Once you start working with multiple computers, it's inevitable that you'll encounter the problem of needing to see and use all of the systems at the same time. The first solution is to have multiple keyboards, mice and displays; the second solution is to buy a KVM (Keyboard, Video, Mouse) switch that allows you to connect multiple computers to a single keyboard, mouse and display and switch between which one is active (without having to reboot). However, the simplest, cheapest, and ultimately the best solution is to use the fact that all of your Macs are going to be on the same network (since they have to be, for Logic Node to work) and employ software that allows you to view other systems on the network as if they were just other applications running on the same Mac.
There are many alternative applications available for working remotely with other computers. Apple themselves have a product called Apple Remote Desktop (www.apple.com/remotedesktop), which is a great and comprehensive solution for managing a network of Macs. Unfortunately, its price might be unjustifiable for those wishing to set-up a fairly cost-effective network of Logic Nodes (in the USA, the 10-client version costs $299 and the unlimited license version costs $499). There are, however, some alternatives.
Apple Remote Desktop is based on VNC (Virtual Networking Computing), and there are plenty of freely available VNC servers (to put on the Logic Node computer, for example) and clients (which would run on your main Logic machine) that let you do much of what's possible with Apple Remote Desktop. The fundamental difference is that you don't get the Mac-specific management tools, such as those for software distribution and so on, with most free VNC software — although the most important functionality is preserved: opening other Macs via your main Mac and interacting with them.
A good and freely available VNC server for Mac OS X is OSXvnc (www.redstonesoftware.com/vnc.html). Using this on your Logic Nodes is really easy. Download the software, copy it to a sensible location on your Node Mac and run the application. On the General page, you can add a password if you like, and note the IP address and host name for this particular Mac. (Incidentally, the Mac's host name can be changed from the Sharing System Preference panel.)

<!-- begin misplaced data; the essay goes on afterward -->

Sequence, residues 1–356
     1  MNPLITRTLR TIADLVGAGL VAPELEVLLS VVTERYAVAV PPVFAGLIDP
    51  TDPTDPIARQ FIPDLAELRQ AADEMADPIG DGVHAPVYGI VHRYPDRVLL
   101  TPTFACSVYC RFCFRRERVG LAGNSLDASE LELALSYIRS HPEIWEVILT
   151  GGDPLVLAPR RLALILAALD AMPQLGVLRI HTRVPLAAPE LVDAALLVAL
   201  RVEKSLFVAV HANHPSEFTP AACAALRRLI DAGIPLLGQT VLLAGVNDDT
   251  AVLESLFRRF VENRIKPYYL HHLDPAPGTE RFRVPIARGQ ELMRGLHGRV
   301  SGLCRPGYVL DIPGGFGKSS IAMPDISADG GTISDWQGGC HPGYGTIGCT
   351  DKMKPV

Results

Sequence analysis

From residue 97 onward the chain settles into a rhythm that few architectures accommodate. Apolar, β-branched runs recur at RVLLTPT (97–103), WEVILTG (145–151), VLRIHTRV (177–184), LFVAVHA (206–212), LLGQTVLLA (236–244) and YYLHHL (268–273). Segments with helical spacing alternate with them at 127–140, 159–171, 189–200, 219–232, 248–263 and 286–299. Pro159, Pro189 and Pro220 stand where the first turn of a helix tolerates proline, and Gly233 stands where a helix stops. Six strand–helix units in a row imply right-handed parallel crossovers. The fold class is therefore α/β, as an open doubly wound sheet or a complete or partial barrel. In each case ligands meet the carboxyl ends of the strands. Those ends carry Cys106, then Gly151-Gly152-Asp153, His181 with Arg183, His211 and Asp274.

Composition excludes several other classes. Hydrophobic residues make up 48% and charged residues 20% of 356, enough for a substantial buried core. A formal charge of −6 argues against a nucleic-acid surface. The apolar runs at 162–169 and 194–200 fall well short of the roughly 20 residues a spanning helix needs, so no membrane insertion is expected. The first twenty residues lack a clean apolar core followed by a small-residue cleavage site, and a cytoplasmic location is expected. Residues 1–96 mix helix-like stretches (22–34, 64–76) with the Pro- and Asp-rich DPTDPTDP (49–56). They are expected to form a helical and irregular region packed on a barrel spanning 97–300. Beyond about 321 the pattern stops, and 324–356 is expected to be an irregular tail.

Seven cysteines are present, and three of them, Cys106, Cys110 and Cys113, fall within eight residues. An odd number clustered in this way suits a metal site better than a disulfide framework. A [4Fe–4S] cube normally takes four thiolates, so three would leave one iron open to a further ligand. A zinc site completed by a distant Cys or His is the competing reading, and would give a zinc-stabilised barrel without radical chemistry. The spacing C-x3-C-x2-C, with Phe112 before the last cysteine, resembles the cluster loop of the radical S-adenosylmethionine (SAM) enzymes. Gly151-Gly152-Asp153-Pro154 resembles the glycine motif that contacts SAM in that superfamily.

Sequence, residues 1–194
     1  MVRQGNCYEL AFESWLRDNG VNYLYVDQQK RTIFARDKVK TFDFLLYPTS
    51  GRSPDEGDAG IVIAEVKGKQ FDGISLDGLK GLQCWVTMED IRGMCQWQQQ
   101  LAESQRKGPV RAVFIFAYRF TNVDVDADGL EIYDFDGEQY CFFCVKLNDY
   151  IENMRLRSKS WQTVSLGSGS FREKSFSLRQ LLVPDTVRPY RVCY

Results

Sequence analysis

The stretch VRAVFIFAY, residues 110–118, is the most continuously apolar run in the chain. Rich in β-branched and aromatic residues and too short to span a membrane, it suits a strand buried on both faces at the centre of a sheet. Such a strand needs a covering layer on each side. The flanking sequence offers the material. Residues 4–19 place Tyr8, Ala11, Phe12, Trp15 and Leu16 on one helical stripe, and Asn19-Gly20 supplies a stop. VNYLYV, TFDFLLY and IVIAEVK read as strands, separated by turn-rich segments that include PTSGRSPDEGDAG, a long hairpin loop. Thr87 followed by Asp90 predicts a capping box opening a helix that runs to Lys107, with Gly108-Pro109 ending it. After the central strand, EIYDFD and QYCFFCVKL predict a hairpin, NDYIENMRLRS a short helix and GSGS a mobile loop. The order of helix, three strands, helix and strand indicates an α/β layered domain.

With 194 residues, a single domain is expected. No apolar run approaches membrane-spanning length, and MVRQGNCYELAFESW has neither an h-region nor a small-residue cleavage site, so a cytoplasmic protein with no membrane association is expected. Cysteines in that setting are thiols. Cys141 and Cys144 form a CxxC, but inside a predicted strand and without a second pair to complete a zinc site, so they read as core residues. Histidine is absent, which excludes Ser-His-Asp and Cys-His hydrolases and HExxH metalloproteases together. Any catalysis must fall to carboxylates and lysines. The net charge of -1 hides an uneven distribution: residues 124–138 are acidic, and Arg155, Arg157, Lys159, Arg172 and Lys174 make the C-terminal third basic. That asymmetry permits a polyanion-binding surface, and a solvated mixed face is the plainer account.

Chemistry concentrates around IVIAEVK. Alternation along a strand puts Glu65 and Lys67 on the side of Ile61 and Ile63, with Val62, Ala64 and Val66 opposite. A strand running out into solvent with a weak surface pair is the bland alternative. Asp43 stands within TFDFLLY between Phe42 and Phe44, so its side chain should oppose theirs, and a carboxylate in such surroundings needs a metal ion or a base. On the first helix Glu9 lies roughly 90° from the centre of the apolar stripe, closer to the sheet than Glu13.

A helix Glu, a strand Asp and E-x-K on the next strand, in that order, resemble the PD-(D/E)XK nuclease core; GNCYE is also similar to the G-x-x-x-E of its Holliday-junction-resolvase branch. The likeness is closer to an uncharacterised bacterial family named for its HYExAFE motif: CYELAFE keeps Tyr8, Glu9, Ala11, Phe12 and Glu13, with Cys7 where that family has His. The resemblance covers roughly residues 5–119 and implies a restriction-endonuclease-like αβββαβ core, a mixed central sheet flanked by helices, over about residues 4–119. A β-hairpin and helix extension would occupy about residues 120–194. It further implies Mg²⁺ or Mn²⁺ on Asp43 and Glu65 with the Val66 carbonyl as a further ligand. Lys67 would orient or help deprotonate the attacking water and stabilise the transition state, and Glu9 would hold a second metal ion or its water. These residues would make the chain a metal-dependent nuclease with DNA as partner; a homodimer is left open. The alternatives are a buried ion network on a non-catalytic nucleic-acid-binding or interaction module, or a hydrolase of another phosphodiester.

Now click on the Startup tab, then the Configure Startup Item button. You'll be prompted for your Mac OS X password before OSXvnc goes ahead and installs a Startup Item on your Mac to allow the VNC server to automatically start running every time you boot. It's now safe to close the OSXvnc application, reboot the Mac and disconnect the keyboard, mouse and display, leaving only the power and network leads connected. However, as a final touch you might want to make sure Logic Node starts running as well when you boot up the Mac, which you can do from the Startup Items panel in the User Accounts System Preference panel, by clicking the '+' button and selecting the Logic Node application. Alternatively, simply drag the Logic Node application's icon from the Finder into the list of Startup Items in the System Preference panel.